2. The Metaphysical Peter
Simon Peter, brother of Andrew, was a fisherman from Bethsaida, a village near Lake Tiberias. He was given the name 'Cephas,' which is the Aramaic equivalent of the Greek 'Peter.' After his confession of faith (Mt. 16.13-20) when he professes his belief that Jesus is the Christ, he receives the promise 'Thou art Peter, and on this rock will I build my church”, together with the keys of heaven and the power of binding and loosing. But despite his boast that he will never leave Jesus, when Jesus is arrested he denies knowing him three times. The fact that Peter has the keys to the kingdom of heaven and that he is full of contradictions is the key to understanding the metaphysical Peter. The following is a summary of the entry for Peter in the MBD:
Metaphysical Interpretation. Peter is the spiritual faculty of faith. This disciple's name, Simon (hearing), signifying his receptivity and ability to discern Truth, was changed by Jesus to Peter which is the Greek for the word rock. This represents faith in God, strong, unwavering, and enduring. This faith is a necessary foundation for the building up of spiritual consciousness, the church of Christ, in the individual.
Why faith is most important. Peter (faith) was one of the first disciples that Jesus called. Faith is one of the first spiritual faculties to be called into expression by every one who would follow Jesus in the overcoming life … That Peter today stands at the gate of heaven is no mere figure of speech; he has the "keys of the kingdom of heaven."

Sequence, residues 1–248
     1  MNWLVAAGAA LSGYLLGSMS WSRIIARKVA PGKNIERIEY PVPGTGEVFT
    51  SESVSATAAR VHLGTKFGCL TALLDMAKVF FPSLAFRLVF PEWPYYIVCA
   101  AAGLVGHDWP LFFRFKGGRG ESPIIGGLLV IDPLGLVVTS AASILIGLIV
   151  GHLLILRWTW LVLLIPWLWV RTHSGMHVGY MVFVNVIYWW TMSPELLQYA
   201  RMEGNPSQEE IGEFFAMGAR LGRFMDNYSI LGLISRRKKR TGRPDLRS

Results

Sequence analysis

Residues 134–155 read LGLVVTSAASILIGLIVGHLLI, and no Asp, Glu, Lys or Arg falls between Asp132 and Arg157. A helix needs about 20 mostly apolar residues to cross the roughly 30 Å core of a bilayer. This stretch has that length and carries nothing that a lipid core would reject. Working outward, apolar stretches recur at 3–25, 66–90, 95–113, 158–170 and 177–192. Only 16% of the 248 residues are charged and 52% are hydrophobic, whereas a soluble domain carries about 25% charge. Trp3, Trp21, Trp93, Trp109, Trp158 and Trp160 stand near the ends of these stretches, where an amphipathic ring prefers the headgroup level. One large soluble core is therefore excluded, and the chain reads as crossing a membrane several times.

The Problem with Peter. Peter represents faith in its various stages of development (Matt. 14:27-31) … You find that your tools in this new field of labor are your untrained faculties. One of the first of these faculties to be brought under your dominion is Peter, the thinking power … You can see readily why this faith-thinker, Peter, is the foundation; why the faith faculty should be guarded, directed, and trained. His words are operative on many planes of consciousness, and he will bind you to conditions of servitude if you do not guard his acts closely … Until faith is thoroughly identified with the Christ you will find that the Peter faculty in you is a regular weathercock.
You are not Peter, you are Jesus. Get clearly into your understanding that you are not the faith-thinker, Peter. You are Jesus; Peter is one of your twelve powers. Before this truth dawns on you, you are a carpenter, a builder in the realm of matter. Peter is a fisherman, one who draws his thoughts from the changeable, unstable sea of sense … How necessary it is that you know the important place in your consciousness that this faculty, Peter, occupies! You are the free will, the directive ego, Jesus. You have the problem of life before you--the bringing forth of the Grand Man with His twelve powers.
“By the activity of your thinking.” Your thinking faculty is the first to be considered. It is the inlet and the outlet of all your ideas. It is always active, zealous, impulsive, but not always wise … You must stay very close to Peter--you must always be certain of his allegiance and love. Test him often. Say to him, "Lovest thou me more than these?" You want his undivided attention. He is inclined to wander; you say that your mind wanders. This is an error. Divine Mind never wanders. The faith-thinker, Peter, wanders;
We must teach Peter to concentrate. Teach him to center on true words. It is through him that you feed your sheep, your other faculties. Keep him right at his task. He is inquisitive, impulsive and dictatorial, when not firmly directed. When he questions your dominion and tries to dictate the movements of your other powers, put him into line with "What is that to thee? follow thou me."